Getting the tone that’s in your head sometimes involves more than just twirling the knobs on your amp. Learn how to utilize hardware or software preamps, and you’ll open up a rainbow of tonal possibilities for your tracks. Join me as I attempt to augment a standard rhythm guitar tone with a software preamp model that offers heightened texture and character.
For this demo, I used a Gibson Les Paul Standard, running into an Xotic EP Booster, and finally into the DI input of a Universal Audio Arrow interface. In the computer, I used UA’s Console to pull up a Diezel VH4, which I can use to dial in solid clean and dirty tones, as well a Neve 1073 preamp to create the effect.
Setting the Tones
First things first, I dialed in a simple rhythm guitar tone using the bridge pickup on the Les Paul and channel 3 of the VH4. While the amp alone produced a solid tone, I wanted to spice things up by adding something with a little extra depth.
I had to change things up for this next bit. Rolling the tone all the way down on the Les Paul’s bridge humbucker, I switched to channel 1 on the amp, cranking the mids and dialing back the treble to create a really throaty yet muscular clean tone.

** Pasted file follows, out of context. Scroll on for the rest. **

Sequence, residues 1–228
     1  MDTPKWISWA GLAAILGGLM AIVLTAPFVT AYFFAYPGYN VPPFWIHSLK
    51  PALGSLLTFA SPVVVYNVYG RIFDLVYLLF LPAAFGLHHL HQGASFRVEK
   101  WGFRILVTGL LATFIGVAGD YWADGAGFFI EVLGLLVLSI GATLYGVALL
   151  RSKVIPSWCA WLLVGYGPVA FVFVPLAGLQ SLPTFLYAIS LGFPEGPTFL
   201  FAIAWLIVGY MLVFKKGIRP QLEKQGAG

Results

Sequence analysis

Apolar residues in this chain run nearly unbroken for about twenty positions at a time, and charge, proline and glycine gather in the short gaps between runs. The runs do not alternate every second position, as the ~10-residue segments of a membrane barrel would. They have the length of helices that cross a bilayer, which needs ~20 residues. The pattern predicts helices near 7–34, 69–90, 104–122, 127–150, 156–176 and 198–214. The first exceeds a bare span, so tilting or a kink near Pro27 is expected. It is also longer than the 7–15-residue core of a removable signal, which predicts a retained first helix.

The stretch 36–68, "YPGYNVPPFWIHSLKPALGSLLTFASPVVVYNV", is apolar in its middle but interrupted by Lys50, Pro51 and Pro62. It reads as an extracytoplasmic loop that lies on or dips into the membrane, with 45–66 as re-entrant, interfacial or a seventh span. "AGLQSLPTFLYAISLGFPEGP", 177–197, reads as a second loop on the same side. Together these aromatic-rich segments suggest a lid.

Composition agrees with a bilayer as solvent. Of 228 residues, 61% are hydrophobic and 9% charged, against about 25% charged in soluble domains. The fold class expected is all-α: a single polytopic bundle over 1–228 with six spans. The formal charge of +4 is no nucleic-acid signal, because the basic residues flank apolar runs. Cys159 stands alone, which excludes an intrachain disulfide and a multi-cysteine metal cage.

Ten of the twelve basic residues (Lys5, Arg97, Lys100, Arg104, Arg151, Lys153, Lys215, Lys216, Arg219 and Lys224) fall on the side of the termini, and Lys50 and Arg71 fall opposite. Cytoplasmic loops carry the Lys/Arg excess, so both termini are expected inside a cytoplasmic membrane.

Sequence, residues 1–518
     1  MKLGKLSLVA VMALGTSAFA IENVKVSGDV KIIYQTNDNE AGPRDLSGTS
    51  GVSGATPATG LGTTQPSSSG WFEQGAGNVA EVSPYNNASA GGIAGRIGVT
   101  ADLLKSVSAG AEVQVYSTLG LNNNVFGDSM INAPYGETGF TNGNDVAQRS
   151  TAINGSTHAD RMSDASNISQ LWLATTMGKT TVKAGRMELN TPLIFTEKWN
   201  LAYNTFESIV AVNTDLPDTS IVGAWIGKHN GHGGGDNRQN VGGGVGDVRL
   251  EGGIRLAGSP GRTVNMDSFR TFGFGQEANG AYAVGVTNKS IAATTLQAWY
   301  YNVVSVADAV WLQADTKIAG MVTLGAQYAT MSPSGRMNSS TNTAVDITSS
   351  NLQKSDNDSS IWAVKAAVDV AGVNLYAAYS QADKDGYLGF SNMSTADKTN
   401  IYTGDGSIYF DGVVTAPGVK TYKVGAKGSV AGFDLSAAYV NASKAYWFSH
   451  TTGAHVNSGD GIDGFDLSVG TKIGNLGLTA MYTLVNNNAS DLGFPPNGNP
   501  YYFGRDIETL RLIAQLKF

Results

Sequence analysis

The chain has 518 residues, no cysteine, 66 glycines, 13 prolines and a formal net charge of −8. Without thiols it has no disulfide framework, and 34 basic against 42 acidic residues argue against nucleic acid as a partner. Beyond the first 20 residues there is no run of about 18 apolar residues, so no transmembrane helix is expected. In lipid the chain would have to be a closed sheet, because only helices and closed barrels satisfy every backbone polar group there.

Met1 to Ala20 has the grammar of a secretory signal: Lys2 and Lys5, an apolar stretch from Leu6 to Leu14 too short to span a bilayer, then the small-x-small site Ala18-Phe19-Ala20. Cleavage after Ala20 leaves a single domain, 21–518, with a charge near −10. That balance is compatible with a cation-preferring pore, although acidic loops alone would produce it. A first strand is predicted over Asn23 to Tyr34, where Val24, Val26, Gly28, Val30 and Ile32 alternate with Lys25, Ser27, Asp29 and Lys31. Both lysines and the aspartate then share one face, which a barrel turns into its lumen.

Finally, after engaging the 1073, the first thing I did was crank the pre’s input to generate a copious amount of overdrive. The harmonics created by the 1073 gave the throaty guitar sound a distinct top-end fizz that adds a rawness to the tone. Shaping the sound even further, I turned on the 1073’s EQ, gave the high end a good push, and cut the bottom end off with a high-pass filter at 160 Hz. I also goosed the mids just a touch at 4.8 KHz to give it a little extra juice.
Adding Character to Leads
Using the exact same setup, I switched over to the neck pickup (tone all the way up this time), engaged the EP Boost at about 1 o’clock, and recorded a short lead with the overdriven 1073. Since channel 1 on the Diezel was relatively clean, the boost not only used up the rest of amp’s headroom with a volume jump, but also pushed it into overdrive. This gain staging then cascaded into the 1073, giving it even more push and grit. The result is super splatty and raw, giving the lead lick a lot more character than it probably deserves.
After mixing the guitar parts together, you can hear how the 1073 preamp introduces an edginess to the rhythm guitar that will give it some body and space when the time comes to add bass, drums, keyboards, etc. Take a listen to the rhythm and lead parts with and without the extra raw rhythm guitar.
While I did this all with plug-ins, the same results can be had with a regular amp and a mic preamp that likes to get dirty. Whether you use this trick with a guitar, bass, keyboard, or whatever, it’s always a blast to explore the weird and wonderful sounds you can make when you push your gear past its limits!